“Urgent Regulatory Alert. Take Action Now” the SEMA Auction Network urges in the aftermath of a federal Environmental Protection Agency proposal last week to allow the sale of E15 fuel during the summer driving season.
“If finalized, the EPA would overturn its long-standing prohibition on the sale of E15 during high-ozone season by allowing the fuel to use the 1 pound per square inch Reid Vapor Pressure waver, which currently allows E10 sales during the summer months,” the SEMA bulletin says.
“The EPA’s effort to allow year-round E15 sales would expand the number of gas stations selling gasoline blended with higher amount of ethanol,” the bulletin adds.
Under the banner of “Fight Unfair Automotive Laws,” SEMA has set up a special website with guidelines and links for contacting the EPA, and for doing so by April 22, the deadline for public comments on the proposed change in regulations.
Also responding to the proposed change is Hagerty, with an article on its website: “E15 ethanol is coming, like it or not. Here’s what you need to know.”
“Owners of collector cars, or any vehicle built before 2001, beware: The Environmental Protection Agency (EPA) is finalizing a rule approving the sale of E15 gasoline year-round, so use extra care when gassing up this summer,” the Hagerty article reported.
“In the United States, ninety-eight percent of gasoline sold already contains some amount of ethanol,” it continued. “Cars produced in the past two decades or so generally have no problem burning the common E10 blend, which contains 10 percent ethanol. Some stations have offered E15, which bumps the amount of ethanol to 15 percent, since 2005, but the EPA had previously banned its sale during the summer amid concerns that it contributed to the creation of smog.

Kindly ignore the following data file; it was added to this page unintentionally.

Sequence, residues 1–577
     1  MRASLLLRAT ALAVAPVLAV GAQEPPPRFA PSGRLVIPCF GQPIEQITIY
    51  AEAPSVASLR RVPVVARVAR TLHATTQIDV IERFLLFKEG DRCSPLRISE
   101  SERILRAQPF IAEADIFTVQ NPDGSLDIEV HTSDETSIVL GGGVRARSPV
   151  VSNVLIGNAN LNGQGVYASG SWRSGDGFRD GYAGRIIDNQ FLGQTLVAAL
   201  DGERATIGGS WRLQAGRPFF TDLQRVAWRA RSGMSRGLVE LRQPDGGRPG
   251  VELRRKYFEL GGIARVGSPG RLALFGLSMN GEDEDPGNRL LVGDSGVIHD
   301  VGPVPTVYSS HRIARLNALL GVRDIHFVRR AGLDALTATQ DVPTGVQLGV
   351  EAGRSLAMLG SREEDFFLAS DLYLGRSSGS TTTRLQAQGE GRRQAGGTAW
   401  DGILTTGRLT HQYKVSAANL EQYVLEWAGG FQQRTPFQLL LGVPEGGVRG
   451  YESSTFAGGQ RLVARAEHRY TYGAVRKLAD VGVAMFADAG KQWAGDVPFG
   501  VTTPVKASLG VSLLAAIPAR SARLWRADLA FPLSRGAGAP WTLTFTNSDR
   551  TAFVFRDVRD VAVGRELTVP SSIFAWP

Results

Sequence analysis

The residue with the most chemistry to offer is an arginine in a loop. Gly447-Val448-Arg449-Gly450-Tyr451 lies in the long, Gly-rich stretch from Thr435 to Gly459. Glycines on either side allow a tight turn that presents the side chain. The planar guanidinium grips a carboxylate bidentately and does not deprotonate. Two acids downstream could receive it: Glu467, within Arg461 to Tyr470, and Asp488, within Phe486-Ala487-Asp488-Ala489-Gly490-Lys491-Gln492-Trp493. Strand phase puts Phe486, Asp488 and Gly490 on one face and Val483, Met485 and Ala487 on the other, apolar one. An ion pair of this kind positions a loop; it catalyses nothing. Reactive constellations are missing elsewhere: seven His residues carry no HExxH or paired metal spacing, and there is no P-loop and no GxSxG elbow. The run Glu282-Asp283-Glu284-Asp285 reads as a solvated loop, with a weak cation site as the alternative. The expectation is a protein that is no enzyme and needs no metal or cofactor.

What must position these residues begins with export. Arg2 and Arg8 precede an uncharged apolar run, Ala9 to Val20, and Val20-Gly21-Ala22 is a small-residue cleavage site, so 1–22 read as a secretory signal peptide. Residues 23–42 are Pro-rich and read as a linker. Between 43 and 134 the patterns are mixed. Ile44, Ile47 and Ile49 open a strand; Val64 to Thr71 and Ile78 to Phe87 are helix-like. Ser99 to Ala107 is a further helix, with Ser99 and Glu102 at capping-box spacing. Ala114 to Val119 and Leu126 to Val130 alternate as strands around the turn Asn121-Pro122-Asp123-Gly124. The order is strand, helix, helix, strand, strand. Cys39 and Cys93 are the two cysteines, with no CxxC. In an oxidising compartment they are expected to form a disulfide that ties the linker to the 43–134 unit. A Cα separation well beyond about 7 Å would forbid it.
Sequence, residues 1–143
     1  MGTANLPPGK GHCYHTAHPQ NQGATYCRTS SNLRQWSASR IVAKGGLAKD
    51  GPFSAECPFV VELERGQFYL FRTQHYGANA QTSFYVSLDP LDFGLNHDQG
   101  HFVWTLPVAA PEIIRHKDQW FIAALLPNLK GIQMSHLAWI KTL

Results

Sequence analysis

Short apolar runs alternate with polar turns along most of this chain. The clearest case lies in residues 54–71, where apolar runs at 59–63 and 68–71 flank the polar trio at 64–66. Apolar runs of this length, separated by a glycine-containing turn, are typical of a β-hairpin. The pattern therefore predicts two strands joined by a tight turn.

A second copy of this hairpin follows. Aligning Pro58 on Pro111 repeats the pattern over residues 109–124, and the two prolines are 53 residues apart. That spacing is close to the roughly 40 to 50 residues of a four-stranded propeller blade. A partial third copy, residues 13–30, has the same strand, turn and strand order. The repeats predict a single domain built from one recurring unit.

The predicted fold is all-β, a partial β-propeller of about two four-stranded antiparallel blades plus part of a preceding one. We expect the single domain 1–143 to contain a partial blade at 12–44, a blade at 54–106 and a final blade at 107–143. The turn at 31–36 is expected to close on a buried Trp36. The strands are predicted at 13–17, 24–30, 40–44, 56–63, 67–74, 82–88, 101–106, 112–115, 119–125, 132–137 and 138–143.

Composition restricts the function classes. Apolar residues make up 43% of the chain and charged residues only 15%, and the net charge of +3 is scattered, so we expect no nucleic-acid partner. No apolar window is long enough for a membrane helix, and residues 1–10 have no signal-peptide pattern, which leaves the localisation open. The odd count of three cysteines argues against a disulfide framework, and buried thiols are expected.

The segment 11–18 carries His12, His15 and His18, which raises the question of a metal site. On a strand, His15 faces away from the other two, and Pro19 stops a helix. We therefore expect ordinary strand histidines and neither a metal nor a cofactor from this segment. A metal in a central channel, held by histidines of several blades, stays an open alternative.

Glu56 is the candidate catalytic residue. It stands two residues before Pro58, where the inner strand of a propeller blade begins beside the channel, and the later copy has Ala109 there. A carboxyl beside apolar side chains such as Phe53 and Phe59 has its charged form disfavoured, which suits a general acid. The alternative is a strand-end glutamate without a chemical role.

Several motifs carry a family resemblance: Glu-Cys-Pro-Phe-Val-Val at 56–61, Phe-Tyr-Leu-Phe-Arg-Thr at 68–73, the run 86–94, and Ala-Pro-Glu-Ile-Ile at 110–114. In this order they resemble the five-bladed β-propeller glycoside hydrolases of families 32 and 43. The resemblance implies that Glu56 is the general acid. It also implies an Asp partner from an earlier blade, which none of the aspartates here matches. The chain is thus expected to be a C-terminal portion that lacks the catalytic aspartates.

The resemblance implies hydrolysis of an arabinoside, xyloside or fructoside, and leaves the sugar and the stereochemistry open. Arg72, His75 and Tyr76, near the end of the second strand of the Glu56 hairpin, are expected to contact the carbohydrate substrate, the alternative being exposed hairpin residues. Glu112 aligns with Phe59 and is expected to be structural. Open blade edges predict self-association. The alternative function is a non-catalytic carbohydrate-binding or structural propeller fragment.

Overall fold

“The change won’t happen overnight, and you’ll still be able to get E10. Still, motorists will want to be mindful when filling up. Not all cars can handle the higher concentration of ethanol, which can gum up fuel systems and cause corrosion in cars that haven’t been designed to burn it.”
And it’s not only owners of collector cars who need to be concerned, Hagerty added. While many automakers are producing cars with fuel systems prepared for E15, Hagerty notes that Mercedes-Benz, BMW, Mazda and Volvo have not, with the exception of the new FlexFuel vehicles Mercedes is offering for the 2019 model year.
Hagerty also notes that ethanol can damage not only metal but plastic components in a vehicle’s fuel system, encouraging corrosion and gumming up filters and carburetors, even dissolving rust in a fuel tank and allowing it to enter the fuel system.
Fuel pumps should have stickers identifying the amount of ethanol blended into the gasoline.
Ethanol is a form of alcohol, usually made from corn, that can be used in internal combustion engines, for example, Indy racing cars, which run on a fuel blend with 85 percent ethanol.